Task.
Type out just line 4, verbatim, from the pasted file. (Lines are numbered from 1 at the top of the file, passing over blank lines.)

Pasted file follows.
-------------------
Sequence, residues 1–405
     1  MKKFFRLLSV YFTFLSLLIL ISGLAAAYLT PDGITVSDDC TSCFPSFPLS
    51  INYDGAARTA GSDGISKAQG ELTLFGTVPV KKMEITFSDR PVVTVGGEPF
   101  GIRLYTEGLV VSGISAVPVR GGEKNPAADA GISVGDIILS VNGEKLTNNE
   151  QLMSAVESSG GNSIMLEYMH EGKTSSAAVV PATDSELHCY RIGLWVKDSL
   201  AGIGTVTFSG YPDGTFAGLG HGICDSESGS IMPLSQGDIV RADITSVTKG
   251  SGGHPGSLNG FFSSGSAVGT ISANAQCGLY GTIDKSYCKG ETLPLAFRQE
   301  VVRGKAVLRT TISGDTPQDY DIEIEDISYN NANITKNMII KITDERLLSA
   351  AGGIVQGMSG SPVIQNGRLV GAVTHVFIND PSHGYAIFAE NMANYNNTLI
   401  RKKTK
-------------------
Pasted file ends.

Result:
   101  GIRLYTEGLV VSGISAVPVR GGEKNPAADA GISVGDIILS VNGEKLTNNE